Location-based services (LBS) remain a fledging affair for online users but the landscape could change in Asia where the market for such services is ripe for harvest, according to market observers and players.
A report released earlier this month by Pew Research Center's Internet & American Life project revealed that only 4 percent of online adults used location-based services, down from 5 percent who said likewise in a May survey. The report, conducted between Aug. 9 and Sep. 13, also found that only 1 percent of Internet users used LBS on any given day.
A Forrester Research study in July also yielded similar statistics, revealing that only 4 percent of Americans had tried location-based services. In the report, Melissa Parrish, interactive marketing analyst at Forrester, said: "The question is whether [location-based services] has reached the mainstream and it looks like the answer is no."
Location-based applications such as Foursquare and Gowalla and Facebook Places, allow people to use their Web-connected mobile devices to "check in" at locations and publish the information online. Users can share their whereabouts with friends in real-time, locate others who are nearby or be alerted--and entitled--to special promotions at partnered retail stores within the vicinity.
Both studies defined location-based services to be software mobile applications used for check-in purposes rather than those that are simply location-aware, for instance, navigation and maps.
The nascent use of location-based services in the West is similarly reflected in China.
Ben Cavender, associate principal from China Market Research Group (CMR), told ZDNet Asia in an e-mail that Chinese location-based services similar to Foursquare or Facebook Places are still very much in the early stages of adoption.
The majority of Chinese mobile Internet users are still not familiar with the concept of LBS and checking in at locations, Cavender said.
However, the analyst noted that the current situation in China could likely change in the future as more users access the Internet via their smartphones.
Furthermore, the use of local social media and networking sites such as Renren and Kaixin is already commonplace among Chinese Netizens. Hence, said Cavender, the concept of sharing information and socializing online is already in place for location-based services to take flight.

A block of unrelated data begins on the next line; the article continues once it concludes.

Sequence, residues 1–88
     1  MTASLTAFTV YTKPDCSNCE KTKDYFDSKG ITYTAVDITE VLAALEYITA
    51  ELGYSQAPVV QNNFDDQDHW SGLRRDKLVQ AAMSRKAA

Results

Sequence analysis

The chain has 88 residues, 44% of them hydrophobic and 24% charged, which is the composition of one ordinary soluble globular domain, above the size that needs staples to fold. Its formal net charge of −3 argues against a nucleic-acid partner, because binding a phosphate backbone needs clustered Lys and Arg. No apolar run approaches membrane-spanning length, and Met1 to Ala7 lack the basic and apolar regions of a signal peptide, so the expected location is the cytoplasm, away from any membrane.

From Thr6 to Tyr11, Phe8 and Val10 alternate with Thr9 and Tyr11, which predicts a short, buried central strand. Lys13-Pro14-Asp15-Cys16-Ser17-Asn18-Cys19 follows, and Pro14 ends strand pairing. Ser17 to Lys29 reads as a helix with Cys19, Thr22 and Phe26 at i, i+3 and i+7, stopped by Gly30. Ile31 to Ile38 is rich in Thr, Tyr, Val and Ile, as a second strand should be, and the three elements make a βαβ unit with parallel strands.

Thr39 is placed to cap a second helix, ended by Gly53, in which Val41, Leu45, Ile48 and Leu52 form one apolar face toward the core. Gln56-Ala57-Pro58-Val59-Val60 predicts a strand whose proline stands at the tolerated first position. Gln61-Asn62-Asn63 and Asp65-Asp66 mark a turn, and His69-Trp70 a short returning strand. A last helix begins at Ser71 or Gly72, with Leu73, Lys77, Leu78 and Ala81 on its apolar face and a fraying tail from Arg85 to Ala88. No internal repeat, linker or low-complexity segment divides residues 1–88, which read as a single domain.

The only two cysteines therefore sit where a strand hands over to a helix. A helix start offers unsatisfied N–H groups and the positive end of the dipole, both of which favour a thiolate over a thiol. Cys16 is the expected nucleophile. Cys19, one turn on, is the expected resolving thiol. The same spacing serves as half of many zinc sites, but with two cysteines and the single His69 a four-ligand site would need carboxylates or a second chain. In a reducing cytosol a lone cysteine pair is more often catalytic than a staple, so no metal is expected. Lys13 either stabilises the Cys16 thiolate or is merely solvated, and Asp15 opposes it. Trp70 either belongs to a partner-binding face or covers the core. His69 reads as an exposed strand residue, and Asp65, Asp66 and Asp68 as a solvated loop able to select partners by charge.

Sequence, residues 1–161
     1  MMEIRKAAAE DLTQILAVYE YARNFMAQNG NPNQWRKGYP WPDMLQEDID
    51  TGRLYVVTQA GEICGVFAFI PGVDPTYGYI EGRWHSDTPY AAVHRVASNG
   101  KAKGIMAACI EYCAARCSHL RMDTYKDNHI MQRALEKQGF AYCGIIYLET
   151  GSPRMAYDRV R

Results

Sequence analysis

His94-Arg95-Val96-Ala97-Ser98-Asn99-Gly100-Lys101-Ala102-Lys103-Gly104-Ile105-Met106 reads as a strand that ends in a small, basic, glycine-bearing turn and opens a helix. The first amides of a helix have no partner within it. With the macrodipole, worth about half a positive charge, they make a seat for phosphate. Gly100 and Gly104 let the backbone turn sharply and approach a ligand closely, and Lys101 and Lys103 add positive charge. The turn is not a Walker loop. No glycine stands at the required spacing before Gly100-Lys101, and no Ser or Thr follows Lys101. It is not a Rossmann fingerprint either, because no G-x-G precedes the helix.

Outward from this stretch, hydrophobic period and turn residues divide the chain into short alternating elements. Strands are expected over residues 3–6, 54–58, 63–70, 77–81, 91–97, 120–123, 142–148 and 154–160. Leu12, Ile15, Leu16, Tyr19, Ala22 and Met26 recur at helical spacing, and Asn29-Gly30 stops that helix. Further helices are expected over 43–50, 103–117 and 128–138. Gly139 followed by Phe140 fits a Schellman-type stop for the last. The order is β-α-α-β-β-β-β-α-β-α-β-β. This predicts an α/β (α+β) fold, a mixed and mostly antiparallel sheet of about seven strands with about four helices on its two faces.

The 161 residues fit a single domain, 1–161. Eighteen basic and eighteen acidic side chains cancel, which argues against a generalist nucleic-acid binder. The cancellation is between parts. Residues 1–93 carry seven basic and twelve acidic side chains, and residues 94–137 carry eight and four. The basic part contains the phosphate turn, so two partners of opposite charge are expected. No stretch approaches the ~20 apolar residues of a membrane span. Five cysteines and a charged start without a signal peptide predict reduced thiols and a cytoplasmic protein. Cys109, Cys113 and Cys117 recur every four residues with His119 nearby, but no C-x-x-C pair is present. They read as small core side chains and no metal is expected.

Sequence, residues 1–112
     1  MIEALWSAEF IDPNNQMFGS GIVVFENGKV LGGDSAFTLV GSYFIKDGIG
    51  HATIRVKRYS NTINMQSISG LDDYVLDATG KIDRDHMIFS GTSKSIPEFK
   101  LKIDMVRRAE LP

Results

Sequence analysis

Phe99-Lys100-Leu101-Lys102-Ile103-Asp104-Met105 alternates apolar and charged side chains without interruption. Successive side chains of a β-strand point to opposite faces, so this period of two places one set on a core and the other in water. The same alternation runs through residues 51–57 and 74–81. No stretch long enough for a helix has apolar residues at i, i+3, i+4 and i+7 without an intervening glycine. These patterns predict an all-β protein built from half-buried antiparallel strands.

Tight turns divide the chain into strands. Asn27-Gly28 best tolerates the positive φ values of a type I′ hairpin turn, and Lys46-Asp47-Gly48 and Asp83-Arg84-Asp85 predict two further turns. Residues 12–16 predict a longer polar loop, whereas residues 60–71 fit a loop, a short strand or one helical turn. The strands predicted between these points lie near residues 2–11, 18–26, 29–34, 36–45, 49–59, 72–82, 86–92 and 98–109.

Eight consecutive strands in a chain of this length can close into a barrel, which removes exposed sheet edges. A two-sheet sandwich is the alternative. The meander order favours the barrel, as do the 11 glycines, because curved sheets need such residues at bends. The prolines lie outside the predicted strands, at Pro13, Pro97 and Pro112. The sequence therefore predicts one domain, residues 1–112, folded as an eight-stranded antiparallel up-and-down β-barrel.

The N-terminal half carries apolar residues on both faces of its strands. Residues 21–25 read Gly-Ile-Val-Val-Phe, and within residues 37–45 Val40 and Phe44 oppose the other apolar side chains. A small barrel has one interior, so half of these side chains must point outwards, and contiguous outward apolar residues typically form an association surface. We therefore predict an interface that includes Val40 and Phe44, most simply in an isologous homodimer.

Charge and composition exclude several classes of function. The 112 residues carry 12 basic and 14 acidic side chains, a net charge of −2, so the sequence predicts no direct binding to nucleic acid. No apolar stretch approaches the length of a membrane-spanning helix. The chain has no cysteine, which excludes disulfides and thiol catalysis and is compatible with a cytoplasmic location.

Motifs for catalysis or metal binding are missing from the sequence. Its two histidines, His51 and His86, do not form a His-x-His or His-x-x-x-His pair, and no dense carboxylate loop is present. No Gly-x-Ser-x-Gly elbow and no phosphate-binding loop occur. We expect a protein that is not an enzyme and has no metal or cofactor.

He pointed out that there are already sites that incorporate concepts similar to LBS, such as Jiepang, which is "essentially Foursquare, but for Chinese people". Users of the service can share their location on social networking sites, check in, earn badges, become mayors or score special discounts with partnered merchants, according to Jiepang's Web site.
Cavender noted that the number of people checking into locations is currently still limited, but awareness of such location-based services is indubitably picking up, which would bring about higher adoption in the future.
Strong potential for LBS in Asia
In an e-mail interview, Ryan Lim, business director of Singapore marketing company Blugrapes, said the landscape is ripe for the adoption of location-based services in Asia, where the use of social media is growing at an exponential rate.
Countries, such as Singapore, that have a higher penetration rate of GPS-enabled smartphones and mobile Internet use will likely see higher adoption of LBS, he added.
Asked about barriers preventing this market from gaining traction, Lim pointed to "privacy and security concerns". "Not everyone is comfortable to broadcast their whereabouts and location to friends, [what more] complete strangers," he said.
Annette Zimmermann, principal research analyst at Gartner, stated in a forecast report (note: registration required to view report) that "realistically, the growth [of check-in location apps] will level off and will not go much beyond early adopters" unless the applications deliver real benefit to users when they check into a location, such as rewards, special discounts or freebies that they think are worthwhile. These are typically included in business strategies that LBS players such as Foursquare and Facebook Places are already executing.
Entertainment giant Disney also recently inked a geolocation partnership with Gowalla which observers said could finally push LBS to the mainstream.
However, Lim noted that in Singapore's case, marketers and retailers remain hesitant in deploying a LBS campaign because there has yet to be a critical mass among users. This, he said, points to the current lack of awareness of the LBS model among the general public and traditional advertisers.
Nonetheless, there is burgeoning interest, he said, adding that Blugrapes is working on various location-based social media pilots with marketers.
"While everyone is aware that this will not change the marketing mix anytime soon, it is a necessary investment into understanding the trend that will inevitably come in due time," Lim concluded.